When Pandora Radio first appeared on the Internet back in 2006 it was free to use for all users regardless of country of origin. This soon changed when the country restrictions kicked in which effectively shut out users from outside the United States. While there are ways to bypass that, for instance by using the Media Hint extension for Google Chrome, it is limiting the service's exposure significantly.
Jango Radio has been around since 2007, a year after Pandora first emerged on the scene. The service offers pretty much the same as Pandora: enter the name of an artist into the search form to create a new radio station that is customized based on that artist, or tune into one of the existing stations instead which are popular currently.
What makes Jango special is that it is not country-restricted. While I cannot guarantee that it works from every country, it appears to work just fine from many at the very least.
According to Jango's help section, the service has access to more than 30 million songs that users can listen to. A couple of quick tests revealed that popular artists are usually found without issues while you may not be as lucky in regards to lesser known artists. That's however only really a problem if you like to listen to niche music and even here, the selection is usually quite ok.
Once you have created your own radio station or tuned into one, you are taken to a page full of information and the music player itself. Here you get biographic information, links to pictures and videos, options to buy music, a selection of stations that cover the band and links to similar stations that you can all tune in.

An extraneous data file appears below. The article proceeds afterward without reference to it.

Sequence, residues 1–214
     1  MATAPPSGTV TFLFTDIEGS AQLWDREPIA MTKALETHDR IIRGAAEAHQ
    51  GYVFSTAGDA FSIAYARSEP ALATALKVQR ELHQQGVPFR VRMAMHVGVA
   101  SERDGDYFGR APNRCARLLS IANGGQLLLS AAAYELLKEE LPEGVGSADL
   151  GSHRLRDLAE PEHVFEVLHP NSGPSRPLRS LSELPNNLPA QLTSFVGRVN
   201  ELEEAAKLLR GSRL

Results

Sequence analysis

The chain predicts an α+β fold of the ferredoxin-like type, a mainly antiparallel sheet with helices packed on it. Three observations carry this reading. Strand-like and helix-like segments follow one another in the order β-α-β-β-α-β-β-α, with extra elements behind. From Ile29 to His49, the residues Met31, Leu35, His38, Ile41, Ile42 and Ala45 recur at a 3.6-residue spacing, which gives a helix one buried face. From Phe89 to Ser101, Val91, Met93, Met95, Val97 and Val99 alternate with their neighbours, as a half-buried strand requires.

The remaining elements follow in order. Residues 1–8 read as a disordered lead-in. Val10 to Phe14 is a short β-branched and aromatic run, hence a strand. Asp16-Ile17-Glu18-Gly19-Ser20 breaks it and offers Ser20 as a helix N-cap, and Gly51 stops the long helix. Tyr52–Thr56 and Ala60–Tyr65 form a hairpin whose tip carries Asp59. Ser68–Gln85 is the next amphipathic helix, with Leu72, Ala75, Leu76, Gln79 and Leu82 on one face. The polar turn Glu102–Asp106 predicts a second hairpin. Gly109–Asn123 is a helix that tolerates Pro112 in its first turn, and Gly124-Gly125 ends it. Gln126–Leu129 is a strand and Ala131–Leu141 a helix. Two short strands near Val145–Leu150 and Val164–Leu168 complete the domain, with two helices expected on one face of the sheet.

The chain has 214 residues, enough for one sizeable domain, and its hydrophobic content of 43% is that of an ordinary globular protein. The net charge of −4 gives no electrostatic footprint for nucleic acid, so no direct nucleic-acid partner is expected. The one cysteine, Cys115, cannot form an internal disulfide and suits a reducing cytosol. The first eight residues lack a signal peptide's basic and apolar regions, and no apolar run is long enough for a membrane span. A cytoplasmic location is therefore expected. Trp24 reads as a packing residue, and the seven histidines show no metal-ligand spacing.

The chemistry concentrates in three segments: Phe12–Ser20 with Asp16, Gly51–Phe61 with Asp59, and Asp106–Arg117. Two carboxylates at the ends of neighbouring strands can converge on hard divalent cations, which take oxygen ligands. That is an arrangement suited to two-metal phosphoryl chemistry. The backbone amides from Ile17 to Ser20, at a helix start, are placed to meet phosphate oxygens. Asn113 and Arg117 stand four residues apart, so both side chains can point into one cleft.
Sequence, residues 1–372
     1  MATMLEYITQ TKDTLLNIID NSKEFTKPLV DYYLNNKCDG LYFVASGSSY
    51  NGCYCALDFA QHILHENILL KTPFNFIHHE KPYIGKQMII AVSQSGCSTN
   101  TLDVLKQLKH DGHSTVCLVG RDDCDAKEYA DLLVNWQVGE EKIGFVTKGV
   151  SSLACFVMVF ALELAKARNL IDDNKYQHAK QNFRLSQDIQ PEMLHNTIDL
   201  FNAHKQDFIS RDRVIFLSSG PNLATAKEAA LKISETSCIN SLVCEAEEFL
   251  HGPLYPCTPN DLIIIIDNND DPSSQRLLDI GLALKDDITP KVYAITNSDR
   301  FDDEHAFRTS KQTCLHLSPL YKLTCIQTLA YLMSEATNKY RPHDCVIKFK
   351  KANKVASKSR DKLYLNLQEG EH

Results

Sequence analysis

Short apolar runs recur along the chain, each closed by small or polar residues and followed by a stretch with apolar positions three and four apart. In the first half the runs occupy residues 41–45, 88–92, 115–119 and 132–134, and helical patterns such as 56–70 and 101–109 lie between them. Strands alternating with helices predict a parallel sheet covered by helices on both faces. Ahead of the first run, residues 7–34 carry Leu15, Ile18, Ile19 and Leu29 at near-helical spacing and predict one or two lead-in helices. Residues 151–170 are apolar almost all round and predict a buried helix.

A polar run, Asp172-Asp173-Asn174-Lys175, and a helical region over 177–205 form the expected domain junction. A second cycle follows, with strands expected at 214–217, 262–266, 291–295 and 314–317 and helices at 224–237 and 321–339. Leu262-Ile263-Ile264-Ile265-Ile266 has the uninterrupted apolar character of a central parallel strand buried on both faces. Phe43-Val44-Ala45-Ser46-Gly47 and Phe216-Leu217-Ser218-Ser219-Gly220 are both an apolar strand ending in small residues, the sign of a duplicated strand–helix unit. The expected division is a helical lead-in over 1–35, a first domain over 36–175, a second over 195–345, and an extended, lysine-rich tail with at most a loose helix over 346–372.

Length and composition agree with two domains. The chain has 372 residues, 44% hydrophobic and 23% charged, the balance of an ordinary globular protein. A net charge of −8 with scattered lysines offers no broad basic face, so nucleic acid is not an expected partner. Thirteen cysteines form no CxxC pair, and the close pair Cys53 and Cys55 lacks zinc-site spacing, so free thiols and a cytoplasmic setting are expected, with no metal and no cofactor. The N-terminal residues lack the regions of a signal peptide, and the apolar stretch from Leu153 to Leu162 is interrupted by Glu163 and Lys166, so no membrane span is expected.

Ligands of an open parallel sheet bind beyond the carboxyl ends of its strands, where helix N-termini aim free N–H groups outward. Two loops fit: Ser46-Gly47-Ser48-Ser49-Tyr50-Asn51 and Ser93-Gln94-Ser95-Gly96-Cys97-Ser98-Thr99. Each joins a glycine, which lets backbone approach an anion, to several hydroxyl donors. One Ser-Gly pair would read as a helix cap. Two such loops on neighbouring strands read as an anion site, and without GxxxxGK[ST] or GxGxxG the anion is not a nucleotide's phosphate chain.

You can add songs to your favorites or ban them right from the player interface. Banning them makes sure that they are no longer included your rotation which makes it an effective tool in blocking songs from ever playing again on Jango.
You can click on the edit station link on the same page, even if you are not logged in, to add other artists to the station and to change how similar songs need to be to be played on the station.
If you add more than one artist you mix music so that you may get a selection of fine tuned songs in the end. You can tweak the matching algorithm to limit the variety of music or increase it instead.
While you can run Jango Radio in the background at all times once you have started to play a station, you can also make use of the various features that it makes available to you.
This includes the artist's biography,options to load the lyrics of the song currently playing, as well as access to pictures and videos featuring that artist.
There are no limitations in regards to the stations that you can create, or the artists that you can add to individual stations. What may be even more interesting is the ability to skip as many songs as you want, as there does not seem to be a limit imposed on you either in this regard.
Advertisement appears to the main revenue source of the website. That in itself is not problematic even though you may find several ads scattered around on the page. The service will in addition to that interrupt music once a day to display an overlay ad to you.
After several songs, you will also receive an overlay to register an account, which is displayed to you whenever a new song gets played. Creating an account is free on the other hand and you are free to sign up by email or Facebook, or skip the overlay registration form each time.
If you like Pandora Radio but cannot really use it because of its restrictions, you may find a more than suitable alternative in Jango Radio. The site is not a 1:1 copy of Pandora Radio, and that is definitely a good thing as far as I'm concerned.
While you may need to create an account to reduce some of the sites - few - nuisances, it is done in a matter of seconds and provides you with access to additional features that you would not have otherwise have access to.
If you like music, this is definitely a site that deserves a place in your bookmarks.
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Ghacks is a technology news blog that was founded in 2005 by Martin Brinkmann. It has since then become one of the most popular tech news sites on the Internet with five authors and regular contributions from freelance writers.